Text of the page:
I’m currently reading the book Grit: The Power of Passion and Perseverance by Angela Duckworth which talks about how people learn how to “hustle” really well. (I hate the term hustling and from now on, will always use the term grit instead) In the book, she addresses novelty as this idea where we quickly quit something and go try to do something else. Having completed the book, I want to actually call this out a little further and talk about the long-term curse of novelty and how it actually can be very harmful to the Church and how techies, like us, are very susceptible to it.
A Novel Idea
The idea of novelty is absolutely a part of technology. Whether it’s a new shiny new phone that you absolutely must get because your old one just does not operate at peak performance or a new gaming system comes out that allows you to play in 4k instead of 1080p. We experience novelty all the time, but this is actually a problem when we look at church tech.
Think about social media. How many times do people in church technology, church communications, and church design push for people to be innovative and try out a new social media platform? I just read an Instagram post that encourages churches who are trying to start doing vlogging to also do microblogging on Instagram.
What about getting constant information out to people? Some people talk about how apps are ineffective and so the best option is to give up that application you spent time making or ignore putting any money into it because websites are more flexible and better options.
Others would promote you use an application for your streaming service, so it goes right to phones. Others say that is a waste of time and money because you have Facebook to use. The first set of people with applications would say, “you don’t control the platform, don’t waste your time.”
Which is it? Maybe we need to just try them all out?
No, no, no!
[Video via TED]
Grit Is About Doing Something Well
Do not get distracted here. You had a mission within your church technology ministry. Get the Gospel out to the masses, build community effectively, support the Church in discipleship and worship. That’s your goal.
If you start going down the rabbit trail of “shiny stuff,” you are going to get lost. Even worse, you are probably not going to be effective. In fact, you may end up burning out. I don’t want that.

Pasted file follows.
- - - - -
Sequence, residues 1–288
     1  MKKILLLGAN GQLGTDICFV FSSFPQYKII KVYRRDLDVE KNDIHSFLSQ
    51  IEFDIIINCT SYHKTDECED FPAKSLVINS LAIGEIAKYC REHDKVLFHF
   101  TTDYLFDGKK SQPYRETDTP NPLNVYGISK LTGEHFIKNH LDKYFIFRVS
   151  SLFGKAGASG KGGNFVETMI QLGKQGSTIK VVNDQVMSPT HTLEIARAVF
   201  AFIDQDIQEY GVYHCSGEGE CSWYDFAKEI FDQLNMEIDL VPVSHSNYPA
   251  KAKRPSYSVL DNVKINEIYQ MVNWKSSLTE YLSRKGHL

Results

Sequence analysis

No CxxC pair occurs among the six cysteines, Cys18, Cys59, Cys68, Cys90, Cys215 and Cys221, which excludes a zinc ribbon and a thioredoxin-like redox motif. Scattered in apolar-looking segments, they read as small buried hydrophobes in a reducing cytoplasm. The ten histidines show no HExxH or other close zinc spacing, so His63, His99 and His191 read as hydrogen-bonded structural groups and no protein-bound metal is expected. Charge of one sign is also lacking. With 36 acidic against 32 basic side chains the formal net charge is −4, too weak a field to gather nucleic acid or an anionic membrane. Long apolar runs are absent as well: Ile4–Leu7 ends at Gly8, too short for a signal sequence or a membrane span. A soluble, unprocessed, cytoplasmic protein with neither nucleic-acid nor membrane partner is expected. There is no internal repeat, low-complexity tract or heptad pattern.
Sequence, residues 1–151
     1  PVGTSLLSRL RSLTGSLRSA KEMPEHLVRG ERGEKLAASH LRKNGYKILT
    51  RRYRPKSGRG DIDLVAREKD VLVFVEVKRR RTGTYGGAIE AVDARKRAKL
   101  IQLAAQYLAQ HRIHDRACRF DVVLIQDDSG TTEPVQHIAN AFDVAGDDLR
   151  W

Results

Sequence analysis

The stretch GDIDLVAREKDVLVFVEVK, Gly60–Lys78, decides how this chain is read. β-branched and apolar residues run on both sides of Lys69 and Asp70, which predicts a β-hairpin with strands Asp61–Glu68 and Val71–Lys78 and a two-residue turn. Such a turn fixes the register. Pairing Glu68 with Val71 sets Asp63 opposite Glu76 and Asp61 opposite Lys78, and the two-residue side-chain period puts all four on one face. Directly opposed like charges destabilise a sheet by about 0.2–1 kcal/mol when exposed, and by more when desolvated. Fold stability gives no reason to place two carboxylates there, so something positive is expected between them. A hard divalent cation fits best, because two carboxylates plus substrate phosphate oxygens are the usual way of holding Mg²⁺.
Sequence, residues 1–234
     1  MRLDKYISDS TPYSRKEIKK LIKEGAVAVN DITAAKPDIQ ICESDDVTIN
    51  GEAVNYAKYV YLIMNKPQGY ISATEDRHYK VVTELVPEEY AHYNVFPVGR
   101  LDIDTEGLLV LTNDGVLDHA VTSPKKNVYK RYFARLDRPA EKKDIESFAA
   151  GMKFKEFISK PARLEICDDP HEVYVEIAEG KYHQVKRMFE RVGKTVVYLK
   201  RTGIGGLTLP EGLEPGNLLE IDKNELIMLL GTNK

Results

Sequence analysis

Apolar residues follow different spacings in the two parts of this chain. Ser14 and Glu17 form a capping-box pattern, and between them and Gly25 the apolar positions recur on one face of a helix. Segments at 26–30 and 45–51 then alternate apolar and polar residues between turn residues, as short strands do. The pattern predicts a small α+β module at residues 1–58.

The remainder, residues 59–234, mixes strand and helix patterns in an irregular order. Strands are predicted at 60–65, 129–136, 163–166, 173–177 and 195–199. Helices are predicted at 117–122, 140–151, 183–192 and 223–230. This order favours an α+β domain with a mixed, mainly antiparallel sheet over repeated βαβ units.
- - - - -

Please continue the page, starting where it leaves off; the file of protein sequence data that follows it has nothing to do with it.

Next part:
Churches are known to not have the biggest budgets, have tons of volunteers, or run at a fast pace. When we want to start a ministry, it takes months, maybe years, to start it up. In that time the technology has already undergone several iterations that may change how we interact with the ministry. But we cannot be distracted from the mission, first and foremost. Always keep that in mind.
Don’t Forget There are Charlatans Around
I feel obligated to talk about this too. Even in the church world, especially in the church world, there are people who are looking to make a buck off of your ignorance. A couple of distractions with fancy features, a couple of skewed research statistics, and they hope to have you buying their product immediately. These are charlatans, stay far away from them. They may not have your best interests at heart, especially went they have to try to run a successful business.
If someone is trying to get you to use a new service or platform, my first suggestion is to ask why. I won’t throw anyone under the bus, but that app developer, website company, and microblogging people I mentioned before? They were selling something.
Honestly, it sickens me. The Church is supposed to be a place of unity and they look to divide with even the pettiest of things. Further, if they can support their family off of your church’s inability to focus on the mission, all the better for them.
Novelty is a good distraction and when you have time and money to freely use, it can be a great option, but it actually takes away from doing church tech well in the long run. Please, be careful.